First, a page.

“After analysing the company, the talent, the leadership, the capabilities, and how it’s going to work with the rest of Wondrlab, we decided that it's a good first step,” says Ziebinski who helped shape the first acquisition in Poland. 
 
“I have seen all the acquisitions Saurabh has done in India. And I liked the fact that he is not buying whatever comes his way. He's very selective and very strategic—looking for the right capabilities, right talent by competencies, and right leadership,” he added.
 
The plan is to create several global hubs in Asia, Europe, America and Middle East, and to make sure that these hubs will be interconnected and have the right capabilities, which will enable them to have the power to service any global client from anywhere on the planet, share the duo.
 
Varma reiterates the blueprint for future deals. “We will aggressively follow this with acquisitions across our four key verticals: Digital video content and community, digital media and data, digital business transformation and marketing tech/ adtech. Across these four pillars, we will keep strengthening our abilities, and specialisations, as we move forward. So, anything which is a fantastic company across these four pillars will be an acquisition target for us,” he states.
 
The India story
 
In 2015, on one of his trips to India, Ziebinski had stated in a interview to a publication that there's a paradox that’s peculiar to the country that worries him—despite it being one of the most dynamically changing markets in the world. He believed that the advertising industry in India, which should be the avant-garde of change, is very change-adverse and conservative. Does he still hold the same belief about Indian advertising, we ask.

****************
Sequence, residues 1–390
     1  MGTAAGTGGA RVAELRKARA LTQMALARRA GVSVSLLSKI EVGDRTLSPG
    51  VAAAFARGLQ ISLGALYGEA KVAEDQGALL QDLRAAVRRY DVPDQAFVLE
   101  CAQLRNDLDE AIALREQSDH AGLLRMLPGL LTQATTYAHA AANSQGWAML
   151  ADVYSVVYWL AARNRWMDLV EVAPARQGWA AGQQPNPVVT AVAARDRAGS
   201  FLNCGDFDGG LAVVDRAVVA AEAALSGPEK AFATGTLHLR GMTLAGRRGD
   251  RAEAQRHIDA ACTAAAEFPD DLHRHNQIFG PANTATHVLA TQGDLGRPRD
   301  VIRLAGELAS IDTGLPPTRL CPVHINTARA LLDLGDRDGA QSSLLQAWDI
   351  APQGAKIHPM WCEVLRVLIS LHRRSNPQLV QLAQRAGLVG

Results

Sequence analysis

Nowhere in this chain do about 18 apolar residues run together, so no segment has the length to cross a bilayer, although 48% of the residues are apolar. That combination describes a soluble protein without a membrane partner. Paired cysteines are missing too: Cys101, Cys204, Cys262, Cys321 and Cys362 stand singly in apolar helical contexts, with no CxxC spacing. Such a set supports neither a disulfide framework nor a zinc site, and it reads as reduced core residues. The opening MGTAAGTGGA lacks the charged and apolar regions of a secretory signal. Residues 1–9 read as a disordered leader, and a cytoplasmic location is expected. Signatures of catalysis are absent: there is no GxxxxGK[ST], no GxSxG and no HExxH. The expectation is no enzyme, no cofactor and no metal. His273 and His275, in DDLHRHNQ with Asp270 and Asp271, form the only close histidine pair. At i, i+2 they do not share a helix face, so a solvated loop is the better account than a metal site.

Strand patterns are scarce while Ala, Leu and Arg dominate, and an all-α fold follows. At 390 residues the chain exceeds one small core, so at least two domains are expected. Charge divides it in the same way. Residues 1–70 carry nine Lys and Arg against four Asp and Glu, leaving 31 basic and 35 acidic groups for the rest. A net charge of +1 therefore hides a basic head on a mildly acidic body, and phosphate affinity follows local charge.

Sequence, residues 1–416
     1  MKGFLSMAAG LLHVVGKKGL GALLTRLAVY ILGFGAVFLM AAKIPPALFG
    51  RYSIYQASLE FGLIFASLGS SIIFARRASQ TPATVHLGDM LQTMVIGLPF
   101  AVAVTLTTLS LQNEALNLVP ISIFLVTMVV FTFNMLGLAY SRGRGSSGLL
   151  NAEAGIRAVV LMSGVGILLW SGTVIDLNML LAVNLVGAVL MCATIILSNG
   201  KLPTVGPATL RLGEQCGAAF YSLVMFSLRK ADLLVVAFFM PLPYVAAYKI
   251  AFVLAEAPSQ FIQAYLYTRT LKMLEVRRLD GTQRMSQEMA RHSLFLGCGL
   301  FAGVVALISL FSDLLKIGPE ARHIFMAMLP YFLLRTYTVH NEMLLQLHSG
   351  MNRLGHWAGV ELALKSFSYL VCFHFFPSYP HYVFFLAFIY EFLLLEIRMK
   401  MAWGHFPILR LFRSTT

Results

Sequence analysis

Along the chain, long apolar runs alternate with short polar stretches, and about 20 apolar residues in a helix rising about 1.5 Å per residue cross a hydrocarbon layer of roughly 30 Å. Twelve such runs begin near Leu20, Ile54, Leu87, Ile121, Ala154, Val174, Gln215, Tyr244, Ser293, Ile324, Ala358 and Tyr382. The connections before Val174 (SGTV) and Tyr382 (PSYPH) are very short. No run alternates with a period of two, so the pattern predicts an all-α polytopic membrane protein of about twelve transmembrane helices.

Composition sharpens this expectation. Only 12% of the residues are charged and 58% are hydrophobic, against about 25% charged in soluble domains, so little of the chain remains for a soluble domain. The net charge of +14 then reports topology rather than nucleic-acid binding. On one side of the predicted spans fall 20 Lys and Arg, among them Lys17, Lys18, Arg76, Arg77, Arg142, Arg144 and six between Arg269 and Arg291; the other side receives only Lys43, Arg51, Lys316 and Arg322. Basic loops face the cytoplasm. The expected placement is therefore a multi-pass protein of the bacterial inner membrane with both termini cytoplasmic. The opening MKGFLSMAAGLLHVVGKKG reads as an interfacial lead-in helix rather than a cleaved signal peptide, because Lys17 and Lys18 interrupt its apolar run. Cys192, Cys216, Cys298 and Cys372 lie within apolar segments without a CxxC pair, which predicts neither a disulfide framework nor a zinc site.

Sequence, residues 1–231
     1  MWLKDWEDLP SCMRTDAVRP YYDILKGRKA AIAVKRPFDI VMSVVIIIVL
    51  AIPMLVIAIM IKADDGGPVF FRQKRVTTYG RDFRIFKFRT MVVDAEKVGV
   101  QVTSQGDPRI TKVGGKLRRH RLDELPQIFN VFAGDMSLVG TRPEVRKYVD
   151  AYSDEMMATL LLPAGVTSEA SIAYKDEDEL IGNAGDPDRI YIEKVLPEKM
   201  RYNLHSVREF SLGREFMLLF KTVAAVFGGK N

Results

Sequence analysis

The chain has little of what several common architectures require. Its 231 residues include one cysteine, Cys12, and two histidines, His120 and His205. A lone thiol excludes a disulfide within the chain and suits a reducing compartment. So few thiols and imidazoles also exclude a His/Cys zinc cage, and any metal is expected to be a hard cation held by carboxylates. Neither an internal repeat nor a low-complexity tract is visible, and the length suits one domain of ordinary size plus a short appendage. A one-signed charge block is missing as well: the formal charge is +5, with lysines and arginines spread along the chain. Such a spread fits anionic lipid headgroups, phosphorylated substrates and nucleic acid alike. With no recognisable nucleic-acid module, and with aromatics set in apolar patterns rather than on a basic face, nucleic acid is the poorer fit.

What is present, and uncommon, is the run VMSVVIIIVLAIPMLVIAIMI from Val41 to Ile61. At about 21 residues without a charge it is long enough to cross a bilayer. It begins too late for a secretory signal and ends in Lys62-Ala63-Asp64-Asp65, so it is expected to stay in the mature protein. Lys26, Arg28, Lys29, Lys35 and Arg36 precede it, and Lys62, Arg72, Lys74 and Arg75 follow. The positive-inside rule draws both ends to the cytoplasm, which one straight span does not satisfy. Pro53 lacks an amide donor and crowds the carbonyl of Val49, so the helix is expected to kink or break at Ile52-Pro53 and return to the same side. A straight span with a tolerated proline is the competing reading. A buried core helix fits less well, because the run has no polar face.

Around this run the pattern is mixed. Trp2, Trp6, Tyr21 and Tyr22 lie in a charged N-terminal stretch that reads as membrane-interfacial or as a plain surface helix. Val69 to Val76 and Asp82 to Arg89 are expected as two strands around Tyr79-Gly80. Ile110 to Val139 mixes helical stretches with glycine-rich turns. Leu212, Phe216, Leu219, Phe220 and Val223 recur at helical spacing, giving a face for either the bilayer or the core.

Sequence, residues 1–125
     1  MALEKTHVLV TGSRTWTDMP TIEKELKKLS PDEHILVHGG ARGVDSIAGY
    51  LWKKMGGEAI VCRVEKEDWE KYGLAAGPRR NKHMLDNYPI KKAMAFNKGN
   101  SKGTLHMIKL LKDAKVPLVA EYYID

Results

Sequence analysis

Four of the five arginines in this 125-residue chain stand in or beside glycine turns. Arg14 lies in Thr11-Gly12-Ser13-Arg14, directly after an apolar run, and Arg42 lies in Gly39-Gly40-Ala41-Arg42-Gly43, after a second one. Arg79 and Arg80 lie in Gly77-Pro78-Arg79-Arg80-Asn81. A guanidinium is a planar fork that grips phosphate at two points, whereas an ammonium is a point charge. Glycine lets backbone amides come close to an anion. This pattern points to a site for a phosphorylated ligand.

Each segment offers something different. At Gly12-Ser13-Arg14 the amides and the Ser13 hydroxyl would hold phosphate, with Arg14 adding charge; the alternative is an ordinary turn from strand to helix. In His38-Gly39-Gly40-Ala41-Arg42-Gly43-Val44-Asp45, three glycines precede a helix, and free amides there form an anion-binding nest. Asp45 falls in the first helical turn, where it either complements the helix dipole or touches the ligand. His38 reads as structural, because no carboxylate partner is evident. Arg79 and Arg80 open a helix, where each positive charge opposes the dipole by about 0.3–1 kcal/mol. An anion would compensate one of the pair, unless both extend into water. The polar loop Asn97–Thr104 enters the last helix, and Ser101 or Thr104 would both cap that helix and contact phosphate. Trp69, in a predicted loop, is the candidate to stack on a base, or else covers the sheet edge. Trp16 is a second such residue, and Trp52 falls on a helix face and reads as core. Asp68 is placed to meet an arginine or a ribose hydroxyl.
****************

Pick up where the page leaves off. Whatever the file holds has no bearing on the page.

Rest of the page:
“Well, honestly at that time, that was the impression I was getting every time coming to this market, that there is a conservative approach and the market is change-averse and the way it was run that day I think I was probably right,” he says.
 
"But my impression today is that I'm surrounded by people who are thinking in a very, modern way— they are creating a company that is a company of the future—of the 21st century. I think that these guys are doing something really progressive and I am excited to be a part of the new venture. I am impressed with how advanced is the thinking. I don't feel any conservatism, so I think that feeling from 2015 is completely gone over the last few days."
 
The entrepreneurial venture 
 
Talking about setting up his own consultancy practice in Warsaw, Ziebinski says, “Obviously, my domain is related to all my experience of the career that I had in media, marketing and advertising. So, this is where I operate and most of my clients come from within this space and this industry. That gives me the privilege that I can do it on my terms. And what is super important for me these days, is that I work with people I quite like and who I really want to succeed. I advise them in the business transformation for these companies, helping them make sure that they will win in the market. That is a big joy.”
 
He goes on to explain the thinking behind the latest collaboration. “I was working as an advisor to the board of WebTalk, so I knew it inside out. When he [Saurabh] came with the question of ‘who do we buy in Poland’ I thought I knew. I talked to the board and that is how the discussion started”, Ziebinski discloses.
 
“We realised that by doing the acquisition with Wondrlab we can build the business and take WebTalk to a new space overnight, versus doing it organically which would mean adding new capabilities, hiring new talent etc. to ensure that we're moving forward and growing the business. Organically doing that will take us years; and we would have to invest lots of time and money before we get there. It's a longer process.”